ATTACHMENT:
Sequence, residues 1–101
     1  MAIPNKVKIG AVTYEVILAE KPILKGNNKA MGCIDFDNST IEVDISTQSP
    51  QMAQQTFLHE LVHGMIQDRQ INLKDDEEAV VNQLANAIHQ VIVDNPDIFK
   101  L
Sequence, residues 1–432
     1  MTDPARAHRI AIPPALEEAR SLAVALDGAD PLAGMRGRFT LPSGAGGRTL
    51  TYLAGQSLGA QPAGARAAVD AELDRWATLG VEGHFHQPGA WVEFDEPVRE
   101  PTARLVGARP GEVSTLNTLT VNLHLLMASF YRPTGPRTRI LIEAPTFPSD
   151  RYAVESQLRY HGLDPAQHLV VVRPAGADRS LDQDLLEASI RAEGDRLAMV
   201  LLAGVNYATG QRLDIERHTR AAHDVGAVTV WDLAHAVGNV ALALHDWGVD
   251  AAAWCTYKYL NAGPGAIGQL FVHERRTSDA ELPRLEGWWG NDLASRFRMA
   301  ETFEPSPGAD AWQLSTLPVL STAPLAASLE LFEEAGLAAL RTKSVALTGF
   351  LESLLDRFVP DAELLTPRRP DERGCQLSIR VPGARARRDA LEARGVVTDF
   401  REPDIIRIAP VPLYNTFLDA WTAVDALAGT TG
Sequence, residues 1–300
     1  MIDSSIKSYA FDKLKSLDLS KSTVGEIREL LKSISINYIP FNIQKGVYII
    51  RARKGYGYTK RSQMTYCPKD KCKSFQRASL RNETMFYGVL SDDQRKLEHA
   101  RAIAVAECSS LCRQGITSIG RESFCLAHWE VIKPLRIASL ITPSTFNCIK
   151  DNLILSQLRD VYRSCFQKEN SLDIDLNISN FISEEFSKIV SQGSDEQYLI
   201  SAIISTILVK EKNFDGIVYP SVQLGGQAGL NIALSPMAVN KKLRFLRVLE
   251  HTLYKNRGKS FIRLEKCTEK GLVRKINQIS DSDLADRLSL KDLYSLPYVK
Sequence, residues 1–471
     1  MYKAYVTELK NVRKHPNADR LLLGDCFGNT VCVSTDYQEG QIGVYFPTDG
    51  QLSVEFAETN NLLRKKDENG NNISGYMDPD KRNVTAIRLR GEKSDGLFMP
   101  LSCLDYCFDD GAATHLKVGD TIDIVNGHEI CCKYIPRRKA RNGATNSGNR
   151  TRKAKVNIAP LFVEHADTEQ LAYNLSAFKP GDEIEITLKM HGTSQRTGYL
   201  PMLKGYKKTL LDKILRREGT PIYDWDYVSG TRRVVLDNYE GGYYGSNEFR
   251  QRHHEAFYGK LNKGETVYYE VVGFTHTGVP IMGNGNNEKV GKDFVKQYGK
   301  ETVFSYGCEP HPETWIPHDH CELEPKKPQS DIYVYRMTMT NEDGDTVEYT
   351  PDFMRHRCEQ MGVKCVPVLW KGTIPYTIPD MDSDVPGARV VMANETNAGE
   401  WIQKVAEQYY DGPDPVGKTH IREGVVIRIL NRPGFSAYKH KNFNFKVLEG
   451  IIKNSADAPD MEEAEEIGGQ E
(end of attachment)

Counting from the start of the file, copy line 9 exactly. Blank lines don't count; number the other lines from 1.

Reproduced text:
   151  RYAVESQLRY HGLDPAQHLV VVRPAGADRS LDQDLLEASI RAEGDRLAMV